Top positive review
132 people found this helpful
Excellent Quality For the Money
on June 14, 2010
As someone who does quite a bit of home theater installations, I have to say that I was very impressed by these cables the first time I purchased them. They are now my "go-to" component video/audio cable for both personal use and my freelance A/V work. In my opinion, they represent an exceptional value for this price point.
Within the nondescript cardboard box they come in, lurks a very well-made cable. They have:
1) an enclosed, 5-in-1 design for the length of the cable, meaning the 5 individual cables are sealed together up to about 3" before termination. This makes it very easy to run through walls, cable ports, or organizers compared to a bundle of separate cables. It also helps cut back on overall cable clutter, and helps save space behind your components. Cable identification also benefits from this design.
2) a braided cloth jacket. Not only is it elegant, but the smooth cloth will help prevent snagging on other cables and components.
3) solidly made, gold-plated connectors. The collar around the center pin is segmented; this is an expected feature on any good quality cable, and it means you can easily crimp the collar if you need a tighter grip on the component's I/O jack.
4) good shielding. Although I have not cut open the cable to investigate its shielding, they evidently are above average as determined by my informal "interference inductance" test. This is a test I do whereby I pass a strong magnet near the cables while they are conducting a signal, and look for signs of interference or signal degradation. While this is not a "lab-quality" scientific test, it does help simulate EMI that might be encountered by the cable from electronic components or power cords and transformers, and if a cable can stand up to this test it will generally perform well against lower-power EMF, and probably exhibit no 'crosstalk'. These Mediabridge cables passed, and this is one of the reasons I am now using these cables so extensively in HT installations, where there a lot of other cables and various electronic gear.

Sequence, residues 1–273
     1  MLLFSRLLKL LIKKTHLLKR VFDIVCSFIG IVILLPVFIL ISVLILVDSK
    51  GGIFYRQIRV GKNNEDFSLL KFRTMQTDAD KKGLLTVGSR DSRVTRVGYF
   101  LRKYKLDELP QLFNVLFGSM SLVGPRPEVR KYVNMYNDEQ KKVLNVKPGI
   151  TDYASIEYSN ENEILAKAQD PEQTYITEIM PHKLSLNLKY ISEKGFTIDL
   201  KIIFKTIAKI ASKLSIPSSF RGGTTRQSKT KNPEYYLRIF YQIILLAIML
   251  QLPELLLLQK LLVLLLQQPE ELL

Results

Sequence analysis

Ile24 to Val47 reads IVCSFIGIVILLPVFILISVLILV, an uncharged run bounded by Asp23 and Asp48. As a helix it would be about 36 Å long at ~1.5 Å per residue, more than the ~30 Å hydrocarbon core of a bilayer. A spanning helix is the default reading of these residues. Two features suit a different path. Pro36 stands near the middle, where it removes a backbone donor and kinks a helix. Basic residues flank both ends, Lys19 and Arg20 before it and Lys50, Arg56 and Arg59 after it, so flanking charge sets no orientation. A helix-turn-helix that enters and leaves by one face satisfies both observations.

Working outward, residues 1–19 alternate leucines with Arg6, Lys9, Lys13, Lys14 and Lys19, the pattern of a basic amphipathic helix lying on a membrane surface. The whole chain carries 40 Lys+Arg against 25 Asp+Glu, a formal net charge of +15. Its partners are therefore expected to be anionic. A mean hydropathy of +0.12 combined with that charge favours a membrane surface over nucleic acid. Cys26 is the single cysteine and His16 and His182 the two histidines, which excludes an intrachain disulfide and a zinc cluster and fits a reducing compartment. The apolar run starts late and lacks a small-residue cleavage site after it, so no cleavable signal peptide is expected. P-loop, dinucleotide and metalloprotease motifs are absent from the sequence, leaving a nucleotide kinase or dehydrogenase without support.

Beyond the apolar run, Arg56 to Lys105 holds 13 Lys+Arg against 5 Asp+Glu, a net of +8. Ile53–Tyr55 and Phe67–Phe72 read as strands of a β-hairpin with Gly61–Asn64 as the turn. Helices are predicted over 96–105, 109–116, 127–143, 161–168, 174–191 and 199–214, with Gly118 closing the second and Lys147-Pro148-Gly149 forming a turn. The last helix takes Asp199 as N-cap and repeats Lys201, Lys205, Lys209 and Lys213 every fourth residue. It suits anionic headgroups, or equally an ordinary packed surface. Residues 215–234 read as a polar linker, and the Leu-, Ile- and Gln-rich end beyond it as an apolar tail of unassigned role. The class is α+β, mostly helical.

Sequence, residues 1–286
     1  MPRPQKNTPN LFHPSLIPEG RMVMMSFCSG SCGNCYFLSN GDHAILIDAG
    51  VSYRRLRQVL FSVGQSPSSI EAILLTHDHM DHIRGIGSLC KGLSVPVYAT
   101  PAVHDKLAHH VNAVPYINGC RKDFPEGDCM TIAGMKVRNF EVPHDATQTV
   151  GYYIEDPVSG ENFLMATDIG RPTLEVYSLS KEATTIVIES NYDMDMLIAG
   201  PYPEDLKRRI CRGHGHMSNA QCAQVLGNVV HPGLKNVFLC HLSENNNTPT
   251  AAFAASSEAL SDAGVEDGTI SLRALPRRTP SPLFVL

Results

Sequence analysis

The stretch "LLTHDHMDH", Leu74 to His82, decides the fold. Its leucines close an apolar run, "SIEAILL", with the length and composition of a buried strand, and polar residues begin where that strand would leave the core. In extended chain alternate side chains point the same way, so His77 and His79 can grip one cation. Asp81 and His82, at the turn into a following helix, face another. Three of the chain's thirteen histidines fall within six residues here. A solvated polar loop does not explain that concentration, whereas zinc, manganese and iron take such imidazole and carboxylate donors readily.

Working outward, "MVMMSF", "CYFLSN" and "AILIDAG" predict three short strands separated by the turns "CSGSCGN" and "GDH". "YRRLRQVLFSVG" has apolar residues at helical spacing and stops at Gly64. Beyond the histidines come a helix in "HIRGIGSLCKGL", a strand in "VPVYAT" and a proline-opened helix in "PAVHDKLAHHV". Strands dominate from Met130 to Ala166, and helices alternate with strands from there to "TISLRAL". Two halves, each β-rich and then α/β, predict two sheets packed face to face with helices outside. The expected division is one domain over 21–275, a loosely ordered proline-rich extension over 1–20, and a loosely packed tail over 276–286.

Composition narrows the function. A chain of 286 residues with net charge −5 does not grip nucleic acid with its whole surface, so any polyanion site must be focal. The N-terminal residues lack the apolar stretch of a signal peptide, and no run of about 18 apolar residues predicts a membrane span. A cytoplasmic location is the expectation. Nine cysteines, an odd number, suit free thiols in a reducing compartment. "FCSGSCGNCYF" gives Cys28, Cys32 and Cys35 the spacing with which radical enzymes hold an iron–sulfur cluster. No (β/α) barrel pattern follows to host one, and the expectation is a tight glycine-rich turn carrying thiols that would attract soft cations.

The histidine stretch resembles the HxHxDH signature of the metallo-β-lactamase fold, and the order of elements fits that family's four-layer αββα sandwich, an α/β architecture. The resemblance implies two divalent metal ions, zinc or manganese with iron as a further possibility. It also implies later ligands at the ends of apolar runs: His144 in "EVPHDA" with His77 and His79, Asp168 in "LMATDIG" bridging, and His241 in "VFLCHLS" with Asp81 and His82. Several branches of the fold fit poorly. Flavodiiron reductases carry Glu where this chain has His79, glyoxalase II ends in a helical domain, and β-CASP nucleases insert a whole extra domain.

In general, I can see no flaws in the design. Because you have 5 cables bundled into 1 they are somewhat stiff, but not significantly inflexible. Keep in mind that usually the point of weakness and failure of most any cable is at the junction between cable and connector. I don't know if these cables have any stress-relief inside the terminator body (none is visible), but unless you do much repeated hooking and unhooking of your components I would not expect any problems with these cables. Just make sure that when you unhook these (or any cable) from a component, you grasp the end connector's metal body and pull-- never yank on the end of the cable itself (sometimes a slight clockwise twisting motion of the connector while pulling will assist with very tight connections). However, if I notice any unusual or premature failure of these cables I will post back and amend my review.
It is amazing to consider that the major-chain electronics stores regularly sell "premium" (and not so premium) A/V cables for $50 or more. While there is nothing necessarily wrong with those cables, they are almost always dramatically overpriced. It is simply unnecessary to spend that much if you know what to look for. Although it may be possible to get a slightly better cable for more money, I have not come across a better value on a component video + stereo audio set with this kind of build quality. In conclusion, I would confidently recommend these cables to any discerning buyer, and will buy them again myself when the need arises.